We Are Still Here
By Angelika Heike Schweer
Women on the Front Lines of Syria’s Conflict
They are living in ghost towns. Currently, women in Eastern Ghouta have the biggest role, as men of the families are either imprisoned, missing, killed or are on the front lines. They are involved in providing aid, helping out medically, and also move between the basements, helping out wherever they can. Women provide psychological relief sessions for children, and teaching people how to react when struck by chemical weapons.
Laila Bakri, an activist in Eastern Ghouta, gave her message to the world on International Women’s Day to Al Jazeera:
"We are human beings - we have ambitions and a life that we want to live. We need to express ourselves, continue our studies and live like other people. Our children, who were born during the war, know nothing about what normal life would look like. My daughter has never tasted bananas - she can only distinguish between the sound of warplanes and bombs. If you support our right to freedom, then stand by us and deliver our message to the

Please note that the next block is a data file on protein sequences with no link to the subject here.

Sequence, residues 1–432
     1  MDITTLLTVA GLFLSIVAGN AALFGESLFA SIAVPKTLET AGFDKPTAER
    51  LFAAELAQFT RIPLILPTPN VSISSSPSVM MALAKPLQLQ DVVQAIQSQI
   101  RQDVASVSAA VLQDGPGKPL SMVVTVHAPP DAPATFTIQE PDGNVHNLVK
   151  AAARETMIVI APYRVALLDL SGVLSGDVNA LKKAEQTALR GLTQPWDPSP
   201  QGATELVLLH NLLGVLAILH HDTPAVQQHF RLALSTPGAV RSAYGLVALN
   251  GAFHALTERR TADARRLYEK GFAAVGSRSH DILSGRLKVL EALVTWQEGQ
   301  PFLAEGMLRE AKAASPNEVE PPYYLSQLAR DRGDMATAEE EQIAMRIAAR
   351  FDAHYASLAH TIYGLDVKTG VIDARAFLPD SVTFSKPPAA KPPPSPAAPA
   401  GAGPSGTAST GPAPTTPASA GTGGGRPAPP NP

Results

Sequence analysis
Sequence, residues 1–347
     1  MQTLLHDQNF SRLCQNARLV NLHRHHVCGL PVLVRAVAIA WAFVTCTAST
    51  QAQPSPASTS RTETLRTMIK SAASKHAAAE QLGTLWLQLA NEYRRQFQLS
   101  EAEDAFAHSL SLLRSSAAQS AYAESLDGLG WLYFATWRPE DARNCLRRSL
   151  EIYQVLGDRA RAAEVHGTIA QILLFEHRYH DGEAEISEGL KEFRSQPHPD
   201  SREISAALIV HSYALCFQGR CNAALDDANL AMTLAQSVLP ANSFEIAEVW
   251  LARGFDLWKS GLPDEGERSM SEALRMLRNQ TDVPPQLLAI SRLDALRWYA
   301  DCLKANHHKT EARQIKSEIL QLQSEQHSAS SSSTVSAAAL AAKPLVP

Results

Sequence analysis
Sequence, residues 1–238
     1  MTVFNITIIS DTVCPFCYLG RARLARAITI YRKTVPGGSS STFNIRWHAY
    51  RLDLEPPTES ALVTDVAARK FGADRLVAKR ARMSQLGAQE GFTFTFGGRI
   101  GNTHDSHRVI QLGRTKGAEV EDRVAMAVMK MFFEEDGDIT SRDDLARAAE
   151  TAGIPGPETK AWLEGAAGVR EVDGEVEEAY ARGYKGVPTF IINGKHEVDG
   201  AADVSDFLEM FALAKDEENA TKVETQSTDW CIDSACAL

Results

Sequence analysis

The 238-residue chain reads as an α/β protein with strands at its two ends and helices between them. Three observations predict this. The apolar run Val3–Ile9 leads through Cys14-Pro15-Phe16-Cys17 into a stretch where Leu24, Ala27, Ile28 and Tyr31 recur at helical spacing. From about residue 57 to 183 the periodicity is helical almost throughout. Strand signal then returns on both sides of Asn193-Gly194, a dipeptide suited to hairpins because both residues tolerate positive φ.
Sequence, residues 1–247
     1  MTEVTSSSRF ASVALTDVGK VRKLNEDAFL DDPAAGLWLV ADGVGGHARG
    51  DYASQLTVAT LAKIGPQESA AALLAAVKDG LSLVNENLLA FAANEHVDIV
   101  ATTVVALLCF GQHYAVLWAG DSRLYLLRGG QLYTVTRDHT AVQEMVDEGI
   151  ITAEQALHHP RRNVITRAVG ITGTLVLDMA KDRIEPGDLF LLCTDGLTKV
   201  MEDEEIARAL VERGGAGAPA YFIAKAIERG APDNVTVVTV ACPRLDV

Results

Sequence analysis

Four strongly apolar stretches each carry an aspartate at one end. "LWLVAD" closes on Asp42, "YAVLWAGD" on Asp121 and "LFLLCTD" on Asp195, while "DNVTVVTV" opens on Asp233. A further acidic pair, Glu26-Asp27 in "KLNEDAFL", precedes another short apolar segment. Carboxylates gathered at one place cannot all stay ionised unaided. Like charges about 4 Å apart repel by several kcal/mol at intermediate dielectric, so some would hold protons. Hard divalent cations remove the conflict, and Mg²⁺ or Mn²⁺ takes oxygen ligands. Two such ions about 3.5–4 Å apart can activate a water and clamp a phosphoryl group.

decision-maker in your countries".
Women are bearing the brunt of the war and keeping the country together.
This is the brutal effect of war on the women of Syria
Displacement, sexual assault, kidnap, house arrest and political exclusion are all daily occurrences for Syria’s female population. Though the Women must pass through areas controlled by armed groups, negotiating checkpoints where rape and sexual assault are commonplace. When they arrive in poorly-resourced camps, they face enormous difficulties and healthcare problems. Much of Syria remains under the control of extremists like Isis and al-Nusra.
About 450,000 Syrians have been killed in the war, the vast majority men. The slaughter has left thousands of women as head of their household, yet even with greater responsibilities falling on Syrian women they remain drastically underrepresented at the top table of diplomatic negotiations.